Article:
Author(s): Marks R, Jolley D, Lectsas S, Foley P
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Abstract The age-standardized proportion of persons with solar keratoses in 1232 Australian-born persons who were aged 40 years and older was 44.5\% compared with a proportion of 15.7\% in 1332 British persons who had migrated to Australia at various ages. Stratification of the British migrants into those who had arrived in Australia between one and 20 years of age and those who had arrived in Australia after the age of 20 years revealed that the proportion of persons with solar keratoses in the latter group never reached the proportion in Australian-born persons of the same age, in spite of many years in Australia after migration. Those persons who arrived in Australia between one and 20 years of age showed a lower proportion with solar keratoses in the younger age-groups, but with increasing age the proportion with solar keratoses equalled or exceeded that which was seen in Australians. These results suggest that a reduction in exposure to sunlight in childhood will reduce substantially the incidence of solar keratoses, and by implication, squamous-cell carcinomas, in adulthood.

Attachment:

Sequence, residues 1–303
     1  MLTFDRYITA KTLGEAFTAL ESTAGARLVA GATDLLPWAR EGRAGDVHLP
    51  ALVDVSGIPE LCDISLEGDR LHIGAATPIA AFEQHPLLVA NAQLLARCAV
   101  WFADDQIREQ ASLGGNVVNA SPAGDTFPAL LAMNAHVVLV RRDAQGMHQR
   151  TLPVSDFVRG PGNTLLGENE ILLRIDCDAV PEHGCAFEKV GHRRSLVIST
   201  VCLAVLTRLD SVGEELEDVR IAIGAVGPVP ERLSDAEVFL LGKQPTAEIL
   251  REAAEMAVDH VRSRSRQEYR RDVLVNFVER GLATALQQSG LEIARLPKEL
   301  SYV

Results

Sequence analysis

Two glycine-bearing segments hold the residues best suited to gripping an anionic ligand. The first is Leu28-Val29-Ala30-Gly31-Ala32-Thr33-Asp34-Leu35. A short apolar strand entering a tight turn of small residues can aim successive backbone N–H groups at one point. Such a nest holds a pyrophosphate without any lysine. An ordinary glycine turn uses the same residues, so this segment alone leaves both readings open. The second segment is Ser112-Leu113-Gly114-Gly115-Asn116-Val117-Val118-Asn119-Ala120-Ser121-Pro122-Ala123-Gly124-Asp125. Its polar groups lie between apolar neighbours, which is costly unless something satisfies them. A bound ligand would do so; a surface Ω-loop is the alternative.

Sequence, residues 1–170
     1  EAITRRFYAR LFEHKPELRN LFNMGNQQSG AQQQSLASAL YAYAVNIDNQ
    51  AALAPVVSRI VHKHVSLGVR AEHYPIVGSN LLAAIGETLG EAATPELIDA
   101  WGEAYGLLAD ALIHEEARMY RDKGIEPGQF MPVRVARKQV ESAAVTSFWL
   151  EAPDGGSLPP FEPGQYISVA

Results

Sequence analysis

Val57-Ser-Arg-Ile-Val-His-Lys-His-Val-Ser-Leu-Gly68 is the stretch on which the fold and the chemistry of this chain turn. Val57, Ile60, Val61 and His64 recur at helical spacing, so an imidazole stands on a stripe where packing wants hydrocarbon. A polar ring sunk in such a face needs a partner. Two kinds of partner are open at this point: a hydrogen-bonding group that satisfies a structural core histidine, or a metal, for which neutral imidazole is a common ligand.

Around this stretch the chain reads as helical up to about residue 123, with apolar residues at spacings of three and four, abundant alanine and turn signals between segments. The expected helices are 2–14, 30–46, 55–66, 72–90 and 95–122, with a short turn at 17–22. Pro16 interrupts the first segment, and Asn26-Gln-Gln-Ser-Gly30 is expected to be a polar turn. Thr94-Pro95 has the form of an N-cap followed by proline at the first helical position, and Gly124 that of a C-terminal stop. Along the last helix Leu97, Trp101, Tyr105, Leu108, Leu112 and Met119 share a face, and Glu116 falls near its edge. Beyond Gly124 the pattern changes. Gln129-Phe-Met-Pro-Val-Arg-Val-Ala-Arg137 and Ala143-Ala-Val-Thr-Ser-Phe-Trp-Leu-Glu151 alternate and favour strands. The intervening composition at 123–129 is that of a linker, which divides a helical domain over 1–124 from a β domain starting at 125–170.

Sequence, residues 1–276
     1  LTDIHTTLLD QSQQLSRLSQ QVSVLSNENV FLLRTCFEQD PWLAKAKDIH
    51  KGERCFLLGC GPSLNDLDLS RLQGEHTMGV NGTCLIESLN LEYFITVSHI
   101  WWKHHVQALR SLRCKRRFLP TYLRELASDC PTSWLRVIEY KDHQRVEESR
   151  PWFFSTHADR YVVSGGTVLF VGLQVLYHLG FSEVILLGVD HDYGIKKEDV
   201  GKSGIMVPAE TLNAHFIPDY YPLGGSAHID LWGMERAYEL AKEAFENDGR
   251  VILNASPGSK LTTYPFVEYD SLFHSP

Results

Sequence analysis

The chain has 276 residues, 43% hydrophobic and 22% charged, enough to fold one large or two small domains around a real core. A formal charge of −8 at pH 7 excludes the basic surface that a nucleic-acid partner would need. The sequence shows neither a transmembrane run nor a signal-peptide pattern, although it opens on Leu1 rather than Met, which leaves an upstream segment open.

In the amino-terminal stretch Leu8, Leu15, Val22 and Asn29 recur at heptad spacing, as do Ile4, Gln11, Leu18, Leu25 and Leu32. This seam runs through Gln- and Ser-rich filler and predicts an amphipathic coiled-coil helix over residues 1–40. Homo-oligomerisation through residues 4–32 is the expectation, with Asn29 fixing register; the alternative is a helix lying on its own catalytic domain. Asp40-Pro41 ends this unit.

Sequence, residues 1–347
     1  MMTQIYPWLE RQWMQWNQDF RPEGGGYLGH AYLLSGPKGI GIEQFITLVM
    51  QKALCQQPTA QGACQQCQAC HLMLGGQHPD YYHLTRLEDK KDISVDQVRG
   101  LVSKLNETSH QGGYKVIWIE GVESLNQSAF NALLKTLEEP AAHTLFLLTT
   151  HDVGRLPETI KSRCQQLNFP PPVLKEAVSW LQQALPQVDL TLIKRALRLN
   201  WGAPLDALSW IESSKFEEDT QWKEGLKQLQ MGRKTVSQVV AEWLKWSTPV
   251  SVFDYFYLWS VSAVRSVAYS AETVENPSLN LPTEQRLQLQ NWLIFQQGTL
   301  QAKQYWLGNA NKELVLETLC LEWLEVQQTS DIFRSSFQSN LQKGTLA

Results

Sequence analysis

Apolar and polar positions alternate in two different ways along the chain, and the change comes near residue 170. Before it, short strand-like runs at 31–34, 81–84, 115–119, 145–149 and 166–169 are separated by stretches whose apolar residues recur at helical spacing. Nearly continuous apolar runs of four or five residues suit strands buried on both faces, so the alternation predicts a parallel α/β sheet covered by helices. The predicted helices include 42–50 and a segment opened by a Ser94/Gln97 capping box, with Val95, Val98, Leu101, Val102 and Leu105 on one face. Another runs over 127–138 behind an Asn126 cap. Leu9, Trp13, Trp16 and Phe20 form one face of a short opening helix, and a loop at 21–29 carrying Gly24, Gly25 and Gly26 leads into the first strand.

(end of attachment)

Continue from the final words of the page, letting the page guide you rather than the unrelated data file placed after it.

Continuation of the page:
This article was published in Med J Aust
and referenced in Journal of Sports Medicine & Doping Studies